Mediterranean diet mit­i­gates sex­ual dys­func­tion

Cross-sec­tional stud­ies indi­cate a lower preva­lence of erec­tile dys­func­tion among those adher­ing to the Mediterranean diet, sug­gest­ing its poten­tial in mit­i­gat­ing uro­logic con­di­tions.

Moreover, dietary inter­ven­tions may influ­ence testos­terone lev­els and fer­til­ity, although fur­ther research is war­ranted.

Multimodal treat­ment approaches, incor­po­rat­ing lifestyle mod­i­fi­ca­tions like dietary changes and increased phys­i­cal activ­ity, hold promise in man­ag­ing uro­logic con­di­tions, as guide­lines from orga­ni­za­tions like the American Urological Association rec­om­mend.

Evidence sug­gests that adher­ence to a Mediterranean diet may also improve female sex­ual dys­func­tion inci­dence and symp­toms, akin to its effect on male sex­ual dys­func­tion.

The MEDITA trial observed a reduced risk of new female sex­ual dys­func­tion inci­dence and wors­en­ing symp­toms among adher­ents com­pared to a low-fat diet. However, the tri­al’s applic­a­bil­ity to the gen­eral pop­u­la­tion is lim­ited as all par­tic­i­pants had dia­betes at base­line.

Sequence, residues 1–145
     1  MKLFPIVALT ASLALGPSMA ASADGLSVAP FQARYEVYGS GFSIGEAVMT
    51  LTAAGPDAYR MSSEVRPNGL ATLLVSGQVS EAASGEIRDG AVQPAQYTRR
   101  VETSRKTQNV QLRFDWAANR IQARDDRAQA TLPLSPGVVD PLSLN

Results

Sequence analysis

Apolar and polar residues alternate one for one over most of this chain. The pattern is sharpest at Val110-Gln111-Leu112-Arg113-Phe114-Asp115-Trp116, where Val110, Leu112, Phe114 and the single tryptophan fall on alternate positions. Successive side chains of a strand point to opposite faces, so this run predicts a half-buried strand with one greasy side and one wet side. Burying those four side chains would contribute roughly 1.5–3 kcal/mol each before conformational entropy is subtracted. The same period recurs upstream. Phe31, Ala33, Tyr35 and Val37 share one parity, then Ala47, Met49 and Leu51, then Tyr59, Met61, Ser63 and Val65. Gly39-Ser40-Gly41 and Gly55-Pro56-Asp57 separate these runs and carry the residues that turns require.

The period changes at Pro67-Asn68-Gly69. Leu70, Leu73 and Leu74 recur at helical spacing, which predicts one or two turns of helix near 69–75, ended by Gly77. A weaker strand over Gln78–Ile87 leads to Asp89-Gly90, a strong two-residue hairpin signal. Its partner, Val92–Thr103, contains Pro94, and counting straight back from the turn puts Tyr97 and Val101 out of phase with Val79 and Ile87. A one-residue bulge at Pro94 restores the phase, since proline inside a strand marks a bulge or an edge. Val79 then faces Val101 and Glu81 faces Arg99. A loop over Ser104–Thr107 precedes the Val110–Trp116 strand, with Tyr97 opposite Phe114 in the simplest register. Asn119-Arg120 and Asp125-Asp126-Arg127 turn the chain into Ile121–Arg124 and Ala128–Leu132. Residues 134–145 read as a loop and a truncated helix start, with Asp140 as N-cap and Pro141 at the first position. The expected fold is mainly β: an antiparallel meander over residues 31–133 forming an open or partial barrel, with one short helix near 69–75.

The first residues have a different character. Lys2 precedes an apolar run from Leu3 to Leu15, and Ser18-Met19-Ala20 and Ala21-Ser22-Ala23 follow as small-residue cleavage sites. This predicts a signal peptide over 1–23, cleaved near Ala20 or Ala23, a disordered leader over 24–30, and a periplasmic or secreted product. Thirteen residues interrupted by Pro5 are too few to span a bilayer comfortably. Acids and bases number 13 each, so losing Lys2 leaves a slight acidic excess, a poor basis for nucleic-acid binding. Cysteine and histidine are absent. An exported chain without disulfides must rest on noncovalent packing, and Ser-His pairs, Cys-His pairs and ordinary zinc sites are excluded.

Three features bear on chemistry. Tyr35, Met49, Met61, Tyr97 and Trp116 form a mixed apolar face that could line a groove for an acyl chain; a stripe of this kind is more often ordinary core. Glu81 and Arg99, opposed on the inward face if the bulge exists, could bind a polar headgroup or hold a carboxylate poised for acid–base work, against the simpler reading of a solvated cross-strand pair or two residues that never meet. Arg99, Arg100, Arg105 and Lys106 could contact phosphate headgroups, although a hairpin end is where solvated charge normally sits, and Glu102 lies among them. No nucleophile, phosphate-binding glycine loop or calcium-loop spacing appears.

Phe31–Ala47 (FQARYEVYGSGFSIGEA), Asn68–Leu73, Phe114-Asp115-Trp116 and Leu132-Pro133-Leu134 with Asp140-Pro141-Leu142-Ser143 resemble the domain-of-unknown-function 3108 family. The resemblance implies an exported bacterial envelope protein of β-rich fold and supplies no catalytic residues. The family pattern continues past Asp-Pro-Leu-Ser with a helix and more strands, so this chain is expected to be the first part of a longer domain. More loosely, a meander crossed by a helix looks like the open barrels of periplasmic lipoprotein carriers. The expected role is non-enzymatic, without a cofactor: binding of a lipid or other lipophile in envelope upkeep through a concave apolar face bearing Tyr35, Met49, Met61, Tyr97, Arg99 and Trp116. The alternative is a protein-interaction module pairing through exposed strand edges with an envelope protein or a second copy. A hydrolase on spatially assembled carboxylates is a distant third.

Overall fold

See Also:Men’s Sexual Health May Benefit From Daily Nut Consumption and MedDiet

Clinical tri­als assess­ing the Mediterranean diet’s impact on women with meta­bolic syn­drome revealed sig­nif­i­cant improve­ments in female sex­ual func­tion scores over two years, con­trast­ing with min­i­mal changes in the con­trol group.

Cross-sec­tional stud­ies also indi­cate a lower female sex­ual dys­func­tion preva­lence among women adher­ing to the diet, albeit con­founded by fac­tors like BMI and depres­sion.

While the exact mech­a­nisms under­ly­ing the Mediterranean diet’s ben­e­fits for female sex­ual dys­func­tion remain unclear, hypothe­ses include its anti-inflam­ma­tory and antiox­i­dant prop­er­ties.